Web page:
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The small yet developed town of Jadugoda (in Bihar) is known for being the only underground uranium minefield of India. Yet, even as the resource plays an important role in India's nuclear development, the town's Adivasi population has been suffering the repercussions of radioactive waste being dumped in their rice fields for the last 30 years. As National Award-winning documentary filmmaker Sriprakash Prakash explores genetic mutations and slow deaths in the community through his nine-minute film, Jadugoda: The Black Magic, he has become one of the few Indian filmmakers to touch the nuclear topic. Prakash will represent India on an international platform that focuses on similar subjects from across the world — at the Travelling Uranium Film Festival that reached Delhi on January 4.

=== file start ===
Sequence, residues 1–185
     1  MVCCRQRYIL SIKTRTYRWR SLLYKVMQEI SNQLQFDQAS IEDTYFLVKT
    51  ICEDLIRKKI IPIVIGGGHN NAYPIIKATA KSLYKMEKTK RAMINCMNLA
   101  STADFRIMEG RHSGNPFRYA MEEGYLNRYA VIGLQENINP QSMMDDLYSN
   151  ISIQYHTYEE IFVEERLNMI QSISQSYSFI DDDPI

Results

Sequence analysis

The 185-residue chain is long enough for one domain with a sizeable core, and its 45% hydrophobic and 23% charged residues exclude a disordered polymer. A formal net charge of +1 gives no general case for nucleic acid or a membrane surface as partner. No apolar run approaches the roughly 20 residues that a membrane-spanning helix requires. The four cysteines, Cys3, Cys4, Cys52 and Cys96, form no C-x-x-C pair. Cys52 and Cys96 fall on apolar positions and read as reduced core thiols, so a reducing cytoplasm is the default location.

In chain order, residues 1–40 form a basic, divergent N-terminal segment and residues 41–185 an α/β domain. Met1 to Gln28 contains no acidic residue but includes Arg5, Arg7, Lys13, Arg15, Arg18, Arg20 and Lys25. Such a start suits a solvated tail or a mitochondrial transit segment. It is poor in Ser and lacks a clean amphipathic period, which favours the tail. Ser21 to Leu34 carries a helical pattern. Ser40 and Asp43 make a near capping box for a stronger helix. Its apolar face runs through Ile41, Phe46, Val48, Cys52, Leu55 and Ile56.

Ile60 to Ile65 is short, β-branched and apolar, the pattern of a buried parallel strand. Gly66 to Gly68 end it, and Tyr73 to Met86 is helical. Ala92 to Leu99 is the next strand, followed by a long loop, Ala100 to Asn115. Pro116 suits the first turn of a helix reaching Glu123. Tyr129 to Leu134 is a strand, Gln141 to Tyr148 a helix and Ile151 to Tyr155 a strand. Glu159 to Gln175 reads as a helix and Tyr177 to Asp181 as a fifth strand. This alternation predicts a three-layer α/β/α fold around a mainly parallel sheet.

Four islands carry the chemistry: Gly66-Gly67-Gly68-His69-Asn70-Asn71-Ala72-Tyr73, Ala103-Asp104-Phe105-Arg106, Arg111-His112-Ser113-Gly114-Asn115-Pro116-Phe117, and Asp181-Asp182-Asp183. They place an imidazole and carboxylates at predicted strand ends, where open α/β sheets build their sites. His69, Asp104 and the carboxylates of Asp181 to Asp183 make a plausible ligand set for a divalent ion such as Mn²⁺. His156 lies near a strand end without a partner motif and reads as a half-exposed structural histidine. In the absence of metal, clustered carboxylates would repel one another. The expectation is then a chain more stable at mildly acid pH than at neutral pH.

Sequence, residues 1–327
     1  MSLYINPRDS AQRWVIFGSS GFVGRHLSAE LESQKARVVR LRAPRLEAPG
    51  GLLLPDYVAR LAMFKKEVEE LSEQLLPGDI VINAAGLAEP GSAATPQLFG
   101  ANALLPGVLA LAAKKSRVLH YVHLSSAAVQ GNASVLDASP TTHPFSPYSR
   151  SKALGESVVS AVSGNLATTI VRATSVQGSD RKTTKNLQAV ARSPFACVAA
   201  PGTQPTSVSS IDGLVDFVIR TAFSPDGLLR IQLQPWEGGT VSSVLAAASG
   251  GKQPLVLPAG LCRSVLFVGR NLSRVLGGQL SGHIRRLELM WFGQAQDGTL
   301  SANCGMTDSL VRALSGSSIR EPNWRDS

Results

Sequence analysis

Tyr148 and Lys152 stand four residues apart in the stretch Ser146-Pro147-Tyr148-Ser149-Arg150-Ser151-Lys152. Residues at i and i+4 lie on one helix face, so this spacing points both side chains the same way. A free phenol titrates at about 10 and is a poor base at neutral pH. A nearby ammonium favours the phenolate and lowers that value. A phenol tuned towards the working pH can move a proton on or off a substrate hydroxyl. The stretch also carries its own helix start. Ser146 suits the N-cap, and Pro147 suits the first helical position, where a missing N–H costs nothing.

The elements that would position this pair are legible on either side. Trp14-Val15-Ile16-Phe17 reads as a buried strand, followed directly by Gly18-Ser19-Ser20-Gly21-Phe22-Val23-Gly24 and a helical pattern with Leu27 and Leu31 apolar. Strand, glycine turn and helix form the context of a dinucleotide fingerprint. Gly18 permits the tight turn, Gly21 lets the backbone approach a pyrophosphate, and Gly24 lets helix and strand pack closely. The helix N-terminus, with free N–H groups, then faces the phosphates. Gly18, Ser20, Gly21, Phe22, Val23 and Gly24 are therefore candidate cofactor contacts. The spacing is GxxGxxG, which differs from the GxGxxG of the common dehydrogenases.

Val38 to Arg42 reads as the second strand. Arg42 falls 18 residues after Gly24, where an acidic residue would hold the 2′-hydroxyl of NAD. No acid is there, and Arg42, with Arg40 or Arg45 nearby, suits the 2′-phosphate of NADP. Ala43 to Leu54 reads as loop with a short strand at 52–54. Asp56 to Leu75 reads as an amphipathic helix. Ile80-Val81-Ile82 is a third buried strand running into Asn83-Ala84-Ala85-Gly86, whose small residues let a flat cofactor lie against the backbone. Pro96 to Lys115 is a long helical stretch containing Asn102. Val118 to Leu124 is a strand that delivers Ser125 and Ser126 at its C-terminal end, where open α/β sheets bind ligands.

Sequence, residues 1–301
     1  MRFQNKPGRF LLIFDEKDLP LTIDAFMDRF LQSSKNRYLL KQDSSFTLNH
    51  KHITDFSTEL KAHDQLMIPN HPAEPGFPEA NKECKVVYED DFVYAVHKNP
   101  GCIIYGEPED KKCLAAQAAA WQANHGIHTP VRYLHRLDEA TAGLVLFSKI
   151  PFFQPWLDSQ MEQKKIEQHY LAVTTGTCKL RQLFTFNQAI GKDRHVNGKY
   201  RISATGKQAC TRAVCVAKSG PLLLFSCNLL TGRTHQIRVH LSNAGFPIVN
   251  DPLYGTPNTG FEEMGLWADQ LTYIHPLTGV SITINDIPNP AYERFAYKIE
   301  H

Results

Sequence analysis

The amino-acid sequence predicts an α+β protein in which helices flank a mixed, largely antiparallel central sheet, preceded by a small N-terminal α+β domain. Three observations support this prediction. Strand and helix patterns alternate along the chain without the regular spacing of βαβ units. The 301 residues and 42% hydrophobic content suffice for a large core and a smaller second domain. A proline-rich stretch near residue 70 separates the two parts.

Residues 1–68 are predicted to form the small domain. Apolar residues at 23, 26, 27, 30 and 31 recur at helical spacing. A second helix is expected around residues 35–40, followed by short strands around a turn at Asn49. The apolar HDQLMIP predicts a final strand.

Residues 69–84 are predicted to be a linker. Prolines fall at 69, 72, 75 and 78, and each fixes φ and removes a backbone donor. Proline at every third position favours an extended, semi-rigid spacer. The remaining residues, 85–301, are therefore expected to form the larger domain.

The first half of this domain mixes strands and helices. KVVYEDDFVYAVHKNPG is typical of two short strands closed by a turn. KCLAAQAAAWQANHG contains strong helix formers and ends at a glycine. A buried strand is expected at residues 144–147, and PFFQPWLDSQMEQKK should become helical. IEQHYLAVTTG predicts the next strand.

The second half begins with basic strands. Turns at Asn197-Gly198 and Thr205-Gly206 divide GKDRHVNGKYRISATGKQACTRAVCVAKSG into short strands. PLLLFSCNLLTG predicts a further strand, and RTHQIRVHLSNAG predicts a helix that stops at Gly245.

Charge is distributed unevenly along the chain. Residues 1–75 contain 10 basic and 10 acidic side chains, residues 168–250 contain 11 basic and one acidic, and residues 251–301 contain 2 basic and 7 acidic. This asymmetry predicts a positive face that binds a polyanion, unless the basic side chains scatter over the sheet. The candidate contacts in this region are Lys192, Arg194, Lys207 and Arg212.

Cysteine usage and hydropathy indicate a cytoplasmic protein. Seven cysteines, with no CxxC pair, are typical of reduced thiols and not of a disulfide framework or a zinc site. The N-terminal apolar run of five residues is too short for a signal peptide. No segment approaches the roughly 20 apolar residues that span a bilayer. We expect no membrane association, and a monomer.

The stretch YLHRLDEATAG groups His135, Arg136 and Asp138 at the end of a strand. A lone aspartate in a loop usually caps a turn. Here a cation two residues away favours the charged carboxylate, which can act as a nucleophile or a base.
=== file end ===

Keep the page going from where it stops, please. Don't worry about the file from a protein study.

An offshoot of the International Uranium Film Festival that started in 2011 in Rio de Janeiro , the travelling festival has already been to Lisbon and Berlin and will later go to New York. The Indian line-up of 32 films — animations, short films and feature films — deals with issues such as uranium mining, nuclear power plants, atomic bombs, and even Chernobyl and Fukushima.
The Indian leg will be coordinated by Prakash. "I have made a series of films on uranium mining and when I was called to Berlin for the festival, I had my own questions about the people who live around uranium mines — their anxieties and government policies," he says, adding, "The real issue is that all this involves technical knowledge. How will the common man understand it? Hence, it's important that through this platform, discussions be held."
There are, however, only two Indian entries — the other one being Toxic Neglect (also on Jadugoda) by Moushumi Basu.
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